Over the past month, Baltimore has faced repeated cyber attacks that have shut down the city’s email and systems allowing residents to pay water bills, purchase homes, and more. Now, a report by The New York Times has revealed that the malware used to attack Baltimore was created by the National Security Agency (N.S.A.).
Security experts told the New York Times that attackers were using a tool called EternalBlue. Essentially, EternalBlue works by targeting a vulnerability in some versions of Microsoft’s Windows XP and Vista systems, The Verge reported. This lets external parties use remote commands on their targets.
In 2017, the N.S.A. lost control of EternalBlue after it was leaked by a hacking group called ShadowBrokers. The tool has been used around the world, including in attacks against Ukrainian banks and infrastructure in June 2017.
Baltimore was originally attacked on May 7. City workers found that their screens were suddenly locked. The hackers demanded almost $100,000 in Bitcoin.
According to the Baltimore Sun, a message displayed across screens said, “We’ve watching you for days and we’ve worked on your systems to gain full access to your company and bypass all of your protections.”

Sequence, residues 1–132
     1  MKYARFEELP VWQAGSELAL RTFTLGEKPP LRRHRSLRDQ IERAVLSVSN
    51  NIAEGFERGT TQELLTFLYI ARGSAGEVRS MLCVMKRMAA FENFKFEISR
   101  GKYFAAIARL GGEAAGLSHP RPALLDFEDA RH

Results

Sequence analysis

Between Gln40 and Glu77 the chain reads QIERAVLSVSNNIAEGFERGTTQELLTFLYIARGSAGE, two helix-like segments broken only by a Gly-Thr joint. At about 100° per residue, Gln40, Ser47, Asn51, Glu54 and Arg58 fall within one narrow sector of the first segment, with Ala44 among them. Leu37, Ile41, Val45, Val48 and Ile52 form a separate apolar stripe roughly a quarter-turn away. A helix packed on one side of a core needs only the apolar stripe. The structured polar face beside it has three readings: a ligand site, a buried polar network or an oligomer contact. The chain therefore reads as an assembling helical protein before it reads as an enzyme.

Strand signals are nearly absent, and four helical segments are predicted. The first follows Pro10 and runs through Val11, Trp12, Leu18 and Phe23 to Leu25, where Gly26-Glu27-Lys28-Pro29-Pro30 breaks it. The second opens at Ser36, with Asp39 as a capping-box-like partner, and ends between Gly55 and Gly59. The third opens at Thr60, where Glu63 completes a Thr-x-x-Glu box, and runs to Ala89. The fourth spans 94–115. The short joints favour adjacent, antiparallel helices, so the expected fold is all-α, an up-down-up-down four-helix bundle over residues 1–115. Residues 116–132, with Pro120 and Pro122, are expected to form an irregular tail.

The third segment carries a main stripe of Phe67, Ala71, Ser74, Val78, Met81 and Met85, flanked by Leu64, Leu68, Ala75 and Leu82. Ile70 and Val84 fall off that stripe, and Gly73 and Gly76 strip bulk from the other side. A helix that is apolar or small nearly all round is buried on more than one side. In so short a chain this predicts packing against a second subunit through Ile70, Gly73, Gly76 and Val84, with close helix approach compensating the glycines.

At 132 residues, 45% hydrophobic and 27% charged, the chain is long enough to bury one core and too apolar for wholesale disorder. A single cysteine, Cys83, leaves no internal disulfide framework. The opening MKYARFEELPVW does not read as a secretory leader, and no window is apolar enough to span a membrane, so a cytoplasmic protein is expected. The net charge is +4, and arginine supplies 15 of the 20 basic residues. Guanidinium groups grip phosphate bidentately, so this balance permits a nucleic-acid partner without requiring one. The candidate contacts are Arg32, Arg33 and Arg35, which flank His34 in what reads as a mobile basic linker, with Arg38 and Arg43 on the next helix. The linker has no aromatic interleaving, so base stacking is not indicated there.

A report from WeLiveSecurity found that the use of EternalBlue is increasing, writing:
“It has been two years since EternalBlue opened the door to one of the nastiest ransomware outbreaks in history, known as WannaCryptor (or WannaCry). Since the now-infamous malware incident, attempts to use the exploit have only been growing in prevalence. Currently it is at the peak of its popularity, with users bombarded with hundreds of thousands of attacks every day.”
The WeLiveSecurity report highlighted part of the problem.
“According to data from Shodan, there are currently almost a million machines in the wild using the obsolete SMB v1 protocol, exposing the port to the public internet,” the report said. “Most of these devices are in the United States, followed by Japan and the Russian Federation.”
The New York Times revealed that security experts say cybercriminals are focusing on “vulnerable” American towns and cities to paralyze local governments.
Baltimore refuses to pay, so the city is still experiencing issues due to the malware. It’s unclear how long it will take for the issue to be completely resolved.